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AQA Physics PHYA4 - Thursday 11th June 2015 [Exam Discussion Thread] Watch

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    (Original post by gcsestuff)
    Is the definition of time constant simply- the time take for the voltage to reduce to 37% or 1/e^1 its original value


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    Yep or just T=CR
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    (Original post by Sbarron)
    Yep or just T=CR
    Could also replace voltage with current or charge!!
    Remember if there is a variable resistor keeping current constant then the circuit is NOT EXPONENTIAL! As I got caught out with this calculating something on a past question!
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    (Original post by Plasmapause)
    Yes because it's an "elastic" collision, it's like throwing a tennis ball at a wall, it will collide with the wall and change direction and so change momentum. Also kinetic energy is conserved so the change in momentum must be equal to 2mv (2xmassxvelocity).
    At least I'm sure thats right.
    Can you show/explain why it's 2mv
    I always get confused with this... I think it's just rearranging it all but can you explain a bit more please
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    Hey guys could anyone explain question 17 on this paper please: http://filestore.aqa.org.uk/subjects...1-QP-JUN14.PDF the answer is A but I'm just confused as to why the potential energy is positive...
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    (Original post by Sbarron)
    Can you show/explain why it's 2mv
    I always get confused with this... I think it's just rearranging it all but can you explain a bit more please
    I think of it like change of momentum = mv-mu

    because it is bouncing back and it is an elastic collision. One of the velocities can be said to be negative as it is in the opposite direction.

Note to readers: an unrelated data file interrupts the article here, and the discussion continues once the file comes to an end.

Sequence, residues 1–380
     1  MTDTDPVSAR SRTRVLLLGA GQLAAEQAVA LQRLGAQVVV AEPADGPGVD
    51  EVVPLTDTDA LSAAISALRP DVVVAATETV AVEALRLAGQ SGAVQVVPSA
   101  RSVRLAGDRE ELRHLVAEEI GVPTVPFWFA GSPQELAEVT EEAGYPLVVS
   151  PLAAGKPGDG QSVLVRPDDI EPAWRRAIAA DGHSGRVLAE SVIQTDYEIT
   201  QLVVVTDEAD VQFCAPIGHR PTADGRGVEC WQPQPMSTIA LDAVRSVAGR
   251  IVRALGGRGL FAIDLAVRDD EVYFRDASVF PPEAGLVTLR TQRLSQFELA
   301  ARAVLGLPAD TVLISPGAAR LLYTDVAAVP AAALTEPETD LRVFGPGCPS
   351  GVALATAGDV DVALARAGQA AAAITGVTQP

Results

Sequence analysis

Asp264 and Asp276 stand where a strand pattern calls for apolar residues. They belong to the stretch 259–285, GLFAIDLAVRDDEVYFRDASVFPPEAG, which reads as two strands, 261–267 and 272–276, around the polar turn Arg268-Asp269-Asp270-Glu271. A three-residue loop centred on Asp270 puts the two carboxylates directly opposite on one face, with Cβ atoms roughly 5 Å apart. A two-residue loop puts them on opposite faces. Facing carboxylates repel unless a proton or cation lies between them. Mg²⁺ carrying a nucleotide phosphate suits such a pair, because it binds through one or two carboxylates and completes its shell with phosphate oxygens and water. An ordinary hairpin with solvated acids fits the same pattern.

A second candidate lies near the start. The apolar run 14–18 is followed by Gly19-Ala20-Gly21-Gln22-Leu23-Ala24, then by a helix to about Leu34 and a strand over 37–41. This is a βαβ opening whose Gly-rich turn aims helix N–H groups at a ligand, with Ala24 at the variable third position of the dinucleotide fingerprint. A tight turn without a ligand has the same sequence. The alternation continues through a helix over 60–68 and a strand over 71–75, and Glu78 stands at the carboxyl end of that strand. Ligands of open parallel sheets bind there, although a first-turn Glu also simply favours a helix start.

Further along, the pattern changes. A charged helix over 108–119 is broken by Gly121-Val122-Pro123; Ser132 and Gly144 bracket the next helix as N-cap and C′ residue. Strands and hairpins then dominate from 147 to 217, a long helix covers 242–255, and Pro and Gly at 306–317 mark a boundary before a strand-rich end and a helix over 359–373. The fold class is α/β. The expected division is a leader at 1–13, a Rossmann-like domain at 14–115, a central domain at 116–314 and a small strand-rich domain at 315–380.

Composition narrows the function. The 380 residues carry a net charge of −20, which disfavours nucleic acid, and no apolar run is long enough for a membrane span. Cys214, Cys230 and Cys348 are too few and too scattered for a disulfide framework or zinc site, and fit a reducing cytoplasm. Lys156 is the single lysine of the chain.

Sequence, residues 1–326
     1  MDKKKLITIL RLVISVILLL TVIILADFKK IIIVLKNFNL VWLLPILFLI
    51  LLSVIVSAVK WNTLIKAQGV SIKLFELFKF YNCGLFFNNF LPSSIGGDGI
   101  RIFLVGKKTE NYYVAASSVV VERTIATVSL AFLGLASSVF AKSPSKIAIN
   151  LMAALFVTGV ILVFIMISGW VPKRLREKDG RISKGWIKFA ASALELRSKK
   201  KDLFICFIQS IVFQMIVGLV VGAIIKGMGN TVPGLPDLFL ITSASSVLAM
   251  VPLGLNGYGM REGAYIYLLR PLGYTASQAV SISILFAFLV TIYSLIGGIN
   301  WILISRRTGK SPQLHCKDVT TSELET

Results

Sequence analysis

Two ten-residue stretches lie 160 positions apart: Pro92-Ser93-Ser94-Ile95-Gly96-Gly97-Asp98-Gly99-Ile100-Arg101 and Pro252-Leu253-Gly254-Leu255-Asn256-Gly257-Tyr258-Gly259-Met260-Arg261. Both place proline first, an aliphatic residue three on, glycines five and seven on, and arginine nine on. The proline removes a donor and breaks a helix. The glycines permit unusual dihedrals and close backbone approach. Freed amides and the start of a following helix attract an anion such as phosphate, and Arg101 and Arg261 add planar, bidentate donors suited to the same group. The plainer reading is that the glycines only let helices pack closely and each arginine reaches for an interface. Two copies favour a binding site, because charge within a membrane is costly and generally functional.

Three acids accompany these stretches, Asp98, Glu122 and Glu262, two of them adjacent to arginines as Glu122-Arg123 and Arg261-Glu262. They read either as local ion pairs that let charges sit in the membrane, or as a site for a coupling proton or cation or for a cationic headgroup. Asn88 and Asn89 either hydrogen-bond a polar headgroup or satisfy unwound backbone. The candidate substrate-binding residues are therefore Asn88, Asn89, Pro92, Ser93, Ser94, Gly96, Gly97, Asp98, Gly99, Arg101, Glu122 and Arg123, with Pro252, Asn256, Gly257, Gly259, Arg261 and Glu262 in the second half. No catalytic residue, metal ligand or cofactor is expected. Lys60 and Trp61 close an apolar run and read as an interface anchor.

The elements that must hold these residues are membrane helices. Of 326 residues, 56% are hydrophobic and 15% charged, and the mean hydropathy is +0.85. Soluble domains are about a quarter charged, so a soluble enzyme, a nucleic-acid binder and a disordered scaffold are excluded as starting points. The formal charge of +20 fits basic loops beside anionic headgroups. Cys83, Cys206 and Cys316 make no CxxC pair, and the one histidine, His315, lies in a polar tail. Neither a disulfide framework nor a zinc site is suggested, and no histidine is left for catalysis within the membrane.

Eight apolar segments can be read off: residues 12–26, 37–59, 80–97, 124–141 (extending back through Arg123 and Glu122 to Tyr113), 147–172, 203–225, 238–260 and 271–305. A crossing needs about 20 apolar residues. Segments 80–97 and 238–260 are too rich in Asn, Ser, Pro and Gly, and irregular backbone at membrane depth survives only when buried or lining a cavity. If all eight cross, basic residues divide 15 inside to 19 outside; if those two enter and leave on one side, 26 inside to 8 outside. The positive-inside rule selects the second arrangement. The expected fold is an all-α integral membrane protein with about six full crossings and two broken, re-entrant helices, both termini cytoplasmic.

So the change in momentum would be mv-(-mv)
    which is 2mv
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    (Original post by Sbarron)
    Can you show/explain why it's 2mv
    I always get confused with this... I think it's just rearranging it all but can you explain a bit more please
    Just prove it to yourself. Change in momentum = difference in velocity x mass. If you had a tennis ball that had a mass of M and when you throw it against the wall, it's velocity before colliding with the wall is V. Because it's an elastic collision, and the mass doesn't change and it's moving in the opposite direction at the same speed (so it's moving at a velocity of -V ). Difference in velocity is the velocity before collision minus the velocity after collision so ( V - -V) so basically V+V, hence 2V and so the momentum is 2MV (mass of the tennis ball did not change).
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    Name:  ImageUploadedByStudent Room1433866084.783941.jpg
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    Why is 8 not c.

    I'm imaging a ball on a turntable. When it slides of how does it come of I a vertical plane?


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    (Original post by gcsestuff)

    Why is 8 not c.

    I'm imaging a ball on a turntable. When it slides of how does it come of I a vertical plane?


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    It's not C, because when the string snaps there is no force acting on it in the horizontal plane, however because gravity is acting on the string, it would be D.


    "When released it goes off at a tangent to the circle... as if it had been thrown horizontally. Gravity affects its vertical velocity - acceleration in the vertical direction; it goes at constant velocity in the horizontal direction. It therefore follows a parabolic path when viewed in a verical plane."
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    (Original post by gcsestuff)
    Name:  ImageUploadedByStudent Room1433866084.783941.jpg
Views: 83
Size:  27.9 KB

    Why is 8 not c.

    I'm imaging a ball on a turntable. When it slides of how does it come of I a vertical plane?


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    The mass is whirled in a horizontal circle so by Newton I the path it follows when centripetal force is no longer applied is a straight line tangent to the circle at that point and at the same velocity (speed and direction) as it was at that point. The only force acting after this is the acceleration vertically downwards due to gravity. So the horizontal velocity of the mass is unchanged from when it was released (by Newton I as I said) but the vertical velocity increases downwards, hence it follows a parabolic curve in the vertical plane.